• Do you work collaboratively with other PE teachers in your school? In your district?
  • When was the last time you attended a class, conference, webinar, grad-school, etc?

So, I ask again, are you a part of the problem or part of the solution?  In truth, we have found ourselves in an interesting situation where all of us are a part of the problem AND the solution.  From administration to classroom teachers to physical educators, the words we speak, our actions, and our decisions tip the scale in either direction.  It’s up to us to decide which direction that is.

Michael Jennings has nearly 10 years of experience teaching and coaching at every level. He has a Master’s Degree in both Secondary Education: Curriculum & Assessment and Exercise Physiology. He is a Certified Strength and Conditioning Specialist through the National Strength & Conditioning Association. He has nearly a decade of experience in various youth development fields at both the public and private sectors. Michael is a proponent of physical literacy, long term athletic development and the holistic development/education of all students. Currently Michael works for Athlos, an educational service provider, where is serves as the Director of Healthy Body. In this role, he is dedicated to redefining physical education. He provides virtual and on site professional development and support for physical educators in all things movement, fitness, physical activity, and coaching. He is a regular presenter at local, state, and regional conferences. His presentation topics have included: showing student growth, assessment & feedback, use of data in PE, curriculum development, developing a culture of physical activity in schools, long term athletic development, youth resistance training, communicating with students, fundamental movement skills, and much more.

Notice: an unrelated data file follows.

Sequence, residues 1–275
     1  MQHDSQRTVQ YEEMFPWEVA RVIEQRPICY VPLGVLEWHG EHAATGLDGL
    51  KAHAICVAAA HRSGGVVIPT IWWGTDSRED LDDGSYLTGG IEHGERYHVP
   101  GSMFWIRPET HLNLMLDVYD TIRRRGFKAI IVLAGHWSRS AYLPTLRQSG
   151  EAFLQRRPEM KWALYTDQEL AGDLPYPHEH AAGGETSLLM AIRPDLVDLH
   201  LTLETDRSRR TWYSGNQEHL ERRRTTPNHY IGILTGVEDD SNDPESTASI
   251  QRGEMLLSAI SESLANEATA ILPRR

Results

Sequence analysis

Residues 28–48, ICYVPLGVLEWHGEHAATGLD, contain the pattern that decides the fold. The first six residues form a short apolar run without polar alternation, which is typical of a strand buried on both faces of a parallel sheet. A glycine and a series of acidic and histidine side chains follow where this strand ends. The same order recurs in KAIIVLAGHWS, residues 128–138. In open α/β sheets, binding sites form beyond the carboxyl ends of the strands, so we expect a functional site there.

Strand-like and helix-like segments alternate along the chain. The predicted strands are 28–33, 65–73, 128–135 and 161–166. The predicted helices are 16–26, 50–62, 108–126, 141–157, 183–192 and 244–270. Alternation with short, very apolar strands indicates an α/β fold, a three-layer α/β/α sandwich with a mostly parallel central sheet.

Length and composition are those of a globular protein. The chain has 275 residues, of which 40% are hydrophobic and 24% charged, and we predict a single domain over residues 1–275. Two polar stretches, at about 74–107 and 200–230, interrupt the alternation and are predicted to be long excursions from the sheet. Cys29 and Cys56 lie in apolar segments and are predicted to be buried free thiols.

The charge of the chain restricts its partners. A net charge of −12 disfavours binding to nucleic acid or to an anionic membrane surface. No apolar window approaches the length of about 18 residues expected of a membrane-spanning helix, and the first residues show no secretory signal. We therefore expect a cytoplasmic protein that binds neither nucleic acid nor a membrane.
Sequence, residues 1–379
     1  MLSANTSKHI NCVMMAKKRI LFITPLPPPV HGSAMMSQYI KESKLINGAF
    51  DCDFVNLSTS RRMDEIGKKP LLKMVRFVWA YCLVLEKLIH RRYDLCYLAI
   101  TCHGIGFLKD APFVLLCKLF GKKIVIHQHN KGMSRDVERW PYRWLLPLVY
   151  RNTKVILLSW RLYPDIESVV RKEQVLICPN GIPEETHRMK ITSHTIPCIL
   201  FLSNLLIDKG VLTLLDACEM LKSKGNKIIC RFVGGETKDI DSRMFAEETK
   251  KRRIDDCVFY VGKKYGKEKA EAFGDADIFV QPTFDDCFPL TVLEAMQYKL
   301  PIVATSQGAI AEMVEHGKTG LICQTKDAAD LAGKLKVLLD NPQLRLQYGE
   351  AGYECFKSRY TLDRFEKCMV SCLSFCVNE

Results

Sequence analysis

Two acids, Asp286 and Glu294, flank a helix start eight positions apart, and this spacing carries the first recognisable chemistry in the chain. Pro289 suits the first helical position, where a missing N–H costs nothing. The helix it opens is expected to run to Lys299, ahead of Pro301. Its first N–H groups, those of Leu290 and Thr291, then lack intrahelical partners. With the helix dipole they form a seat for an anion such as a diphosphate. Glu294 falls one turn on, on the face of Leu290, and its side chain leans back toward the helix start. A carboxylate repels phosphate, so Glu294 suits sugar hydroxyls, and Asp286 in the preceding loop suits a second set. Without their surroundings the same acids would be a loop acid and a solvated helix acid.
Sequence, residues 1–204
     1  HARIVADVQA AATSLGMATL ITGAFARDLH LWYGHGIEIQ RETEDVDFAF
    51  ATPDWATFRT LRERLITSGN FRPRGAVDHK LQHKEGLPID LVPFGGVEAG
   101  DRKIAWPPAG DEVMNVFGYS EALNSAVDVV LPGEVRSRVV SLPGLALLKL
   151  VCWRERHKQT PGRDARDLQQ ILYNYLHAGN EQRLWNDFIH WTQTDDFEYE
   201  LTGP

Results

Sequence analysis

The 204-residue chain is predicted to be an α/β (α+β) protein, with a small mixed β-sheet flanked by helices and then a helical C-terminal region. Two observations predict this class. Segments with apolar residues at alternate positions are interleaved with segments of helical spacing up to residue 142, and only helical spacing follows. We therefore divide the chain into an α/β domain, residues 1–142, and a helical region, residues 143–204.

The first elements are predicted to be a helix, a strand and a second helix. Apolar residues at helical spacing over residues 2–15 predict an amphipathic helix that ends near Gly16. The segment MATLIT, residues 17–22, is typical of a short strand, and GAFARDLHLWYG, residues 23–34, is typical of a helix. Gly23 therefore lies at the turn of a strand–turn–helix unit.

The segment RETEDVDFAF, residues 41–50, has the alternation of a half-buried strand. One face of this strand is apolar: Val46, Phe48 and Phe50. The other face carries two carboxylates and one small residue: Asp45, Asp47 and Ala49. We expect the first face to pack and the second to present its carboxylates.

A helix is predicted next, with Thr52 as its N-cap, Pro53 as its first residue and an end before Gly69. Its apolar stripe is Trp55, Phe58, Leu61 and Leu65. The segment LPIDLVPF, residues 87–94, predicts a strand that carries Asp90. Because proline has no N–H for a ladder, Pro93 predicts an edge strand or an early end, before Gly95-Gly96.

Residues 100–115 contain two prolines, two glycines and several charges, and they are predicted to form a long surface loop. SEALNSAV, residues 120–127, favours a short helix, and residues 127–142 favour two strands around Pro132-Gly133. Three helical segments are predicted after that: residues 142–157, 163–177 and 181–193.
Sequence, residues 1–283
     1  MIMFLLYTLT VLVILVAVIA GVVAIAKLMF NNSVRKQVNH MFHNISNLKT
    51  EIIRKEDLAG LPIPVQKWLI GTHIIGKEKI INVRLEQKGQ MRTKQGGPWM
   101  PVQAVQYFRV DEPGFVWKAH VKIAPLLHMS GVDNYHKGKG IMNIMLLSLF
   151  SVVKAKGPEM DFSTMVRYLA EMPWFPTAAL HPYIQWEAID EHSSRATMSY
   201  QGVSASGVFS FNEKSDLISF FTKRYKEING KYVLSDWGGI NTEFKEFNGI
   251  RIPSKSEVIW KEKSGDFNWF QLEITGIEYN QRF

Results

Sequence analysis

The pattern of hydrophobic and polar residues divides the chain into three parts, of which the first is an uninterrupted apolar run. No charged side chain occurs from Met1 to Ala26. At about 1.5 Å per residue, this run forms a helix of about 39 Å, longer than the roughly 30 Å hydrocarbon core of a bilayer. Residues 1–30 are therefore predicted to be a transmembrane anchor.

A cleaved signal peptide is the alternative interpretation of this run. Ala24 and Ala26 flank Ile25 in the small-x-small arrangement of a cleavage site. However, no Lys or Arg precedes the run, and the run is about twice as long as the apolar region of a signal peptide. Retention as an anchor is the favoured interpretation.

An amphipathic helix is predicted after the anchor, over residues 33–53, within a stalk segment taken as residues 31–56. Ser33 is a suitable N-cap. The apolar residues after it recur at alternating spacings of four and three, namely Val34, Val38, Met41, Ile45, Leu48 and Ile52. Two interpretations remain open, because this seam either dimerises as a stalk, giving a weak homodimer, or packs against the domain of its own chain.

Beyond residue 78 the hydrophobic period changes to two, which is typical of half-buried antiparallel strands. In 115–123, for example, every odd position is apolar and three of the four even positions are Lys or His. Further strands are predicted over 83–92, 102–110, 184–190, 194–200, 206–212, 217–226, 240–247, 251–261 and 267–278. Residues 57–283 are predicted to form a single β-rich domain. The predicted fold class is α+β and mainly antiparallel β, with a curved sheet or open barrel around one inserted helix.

Twitter: @THEschmike